Shanghai obeys fireworks ban

Updated: 2016-02-15 08:03

By Zhou Wenting in Shanghai(China Daily)

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The Spring Festival holiday was a much quieter affair in Shanghai this year with the enforcement of a new citywide fireworks ban.

Introduced in response to concerns over air pollution, the ban came into effect at the beginning of this year, prohibiting the use of pyrotechnics at any time within the city's outer ring road.

As a result the use of fireworks and firecrackers in this area dropped to zero, according to Shanghai police, despite it being a centuries-old tradition for Chinese to usher in the Lunar New Year with pyrotechnics.

An 80 percent decrease in their use was also recorded outside the ring road, with just 62 metric tons of debris cleared away on the morning of Feb 12 - the peak time for firecrackers to be set off as it is the fifth day of the Chinese lunar calendar and believed to be the birthday of the God of Wealth.

A total of 50,000 police officers and volunteers patrolled areas within the outer ring road to detect violations, and notices about the ban were posted every 50 meters on some main streets.

In Beijing, where lighting firecrackers and fireworks is allowed from 7 am to midnight on the fifth day of the lunar calendar, roughly 140 tons of debris of pyrotechnics were cleared away that day, which was a decline of more than 50 percent from the previous year.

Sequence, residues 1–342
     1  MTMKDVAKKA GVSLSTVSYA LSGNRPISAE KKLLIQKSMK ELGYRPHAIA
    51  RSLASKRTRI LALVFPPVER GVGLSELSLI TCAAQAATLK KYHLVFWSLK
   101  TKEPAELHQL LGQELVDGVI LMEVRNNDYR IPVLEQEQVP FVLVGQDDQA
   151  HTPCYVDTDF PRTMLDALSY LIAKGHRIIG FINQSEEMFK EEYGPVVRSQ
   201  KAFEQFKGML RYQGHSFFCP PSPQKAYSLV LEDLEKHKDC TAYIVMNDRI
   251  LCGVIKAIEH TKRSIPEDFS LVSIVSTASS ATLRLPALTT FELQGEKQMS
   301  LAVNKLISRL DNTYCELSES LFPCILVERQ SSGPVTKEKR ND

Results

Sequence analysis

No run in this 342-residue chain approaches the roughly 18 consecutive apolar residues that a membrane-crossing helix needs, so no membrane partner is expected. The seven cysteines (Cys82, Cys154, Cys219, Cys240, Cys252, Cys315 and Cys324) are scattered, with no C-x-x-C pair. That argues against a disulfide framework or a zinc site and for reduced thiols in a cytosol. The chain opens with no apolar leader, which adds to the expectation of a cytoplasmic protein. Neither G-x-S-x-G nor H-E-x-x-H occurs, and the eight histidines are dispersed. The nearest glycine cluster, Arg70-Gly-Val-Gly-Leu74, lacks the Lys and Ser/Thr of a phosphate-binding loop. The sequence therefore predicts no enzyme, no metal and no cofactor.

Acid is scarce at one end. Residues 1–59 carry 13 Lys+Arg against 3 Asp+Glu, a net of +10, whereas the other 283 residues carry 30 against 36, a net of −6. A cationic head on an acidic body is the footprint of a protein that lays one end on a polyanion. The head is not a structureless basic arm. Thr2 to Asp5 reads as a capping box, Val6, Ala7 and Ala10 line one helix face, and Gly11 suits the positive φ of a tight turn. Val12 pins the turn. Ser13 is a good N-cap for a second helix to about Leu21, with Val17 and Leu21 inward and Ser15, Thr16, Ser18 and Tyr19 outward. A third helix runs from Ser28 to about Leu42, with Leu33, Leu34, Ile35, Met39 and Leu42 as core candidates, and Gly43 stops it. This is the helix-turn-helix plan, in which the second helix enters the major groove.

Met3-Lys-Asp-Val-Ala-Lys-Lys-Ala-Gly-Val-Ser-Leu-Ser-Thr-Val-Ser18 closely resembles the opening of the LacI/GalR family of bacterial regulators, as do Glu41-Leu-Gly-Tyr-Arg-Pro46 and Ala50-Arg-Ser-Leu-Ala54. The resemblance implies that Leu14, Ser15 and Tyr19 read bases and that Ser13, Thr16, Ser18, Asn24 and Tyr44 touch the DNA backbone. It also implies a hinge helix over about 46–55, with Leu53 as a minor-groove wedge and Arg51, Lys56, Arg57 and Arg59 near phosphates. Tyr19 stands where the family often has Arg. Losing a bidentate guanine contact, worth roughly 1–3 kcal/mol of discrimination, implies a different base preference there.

Wu Xiaoyue, a 28-year-old resident of Shanghai's downtown Xuhui district, said she had enjoyed lighting firecrackers with her father on New Year's Eve for as long as she could remember, but had to resort to an electric noisemaker substitute this year.

"We played with it at home. It seemed a little weird, but it's understandable that we must all contribute to reducing air pollution, which I believe is the main reason why residents abided by the ban," she said.

Shanghai obeys fireworks ban

Setting off firecrackers and fireworks is known to produce PM2.5, which refers to particulate matter with a diameter of less than 2.5 micrometers, identified as a carcinogen by the World Health Organization.

Wu said in the past, the streets of Shanghai were like a red carpet overflowing with the debris from firecrackers on the morning of the New Year's Day, but this year she did not hear any.

"It has become a joke in Shanghai these days. If you can hear the sound of firecrackers, then clearly your apartment is only worth between 20,000 yuan ($3,044) and 30,000 yuan per square meter," Wu said. "If you hear nothing, your home must be worth at least 80,000 yuan per square meter."

Anyone found violating the ban faced a fine of up to 500 yuan and having their names put on a credit blacklist, which would create an obstacle when applying for loans, jobs, or public welfare.

Wu said the threat of such punishments had worked as an effective deterrent.

But some people think that the ban should be extended to all the city's suburbs. Among them is Xiao Jie, who lives in Songjiang district in Shanghai's southwestern suburbs and is the mother to an 11-month-old baby girl.

"I held my daughter in my arms throughout the night of the countdown as she couldn't sleep because of the earsplitting firecrackers and was scared to tears over and over again," Xiao said.

(China Daily 02/15/2016 page5)